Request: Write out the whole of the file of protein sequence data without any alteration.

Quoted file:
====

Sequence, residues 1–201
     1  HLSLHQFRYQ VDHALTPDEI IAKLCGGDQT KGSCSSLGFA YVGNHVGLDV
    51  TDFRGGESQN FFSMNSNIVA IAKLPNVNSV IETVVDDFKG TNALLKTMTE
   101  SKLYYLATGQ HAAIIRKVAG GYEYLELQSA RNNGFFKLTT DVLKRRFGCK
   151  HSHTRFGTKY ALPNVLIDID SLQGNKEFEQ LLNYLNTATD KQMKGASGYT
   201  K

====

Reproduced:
Sequence, residues 1–201
     1  HLSLHQFRYQ VDHALTPDEI IAKLCGGDQT KGSCSSLGFA YVGNHVGLDV
    51  TDFRGGESQN FFSMNSNIVA IAKLPNVNSV IETVVDDFKG TNALLKTMTE
   101  SKLYYLATGQ HAAIIRKVAG GYEYLELQSA RNNGFFKLTT DVLKRRFGCK
   151  HSHTRFGTKY ALPNVLIDID SLQGNKEFEQ LLNYLNTATD KQMKGASGYT
   201  K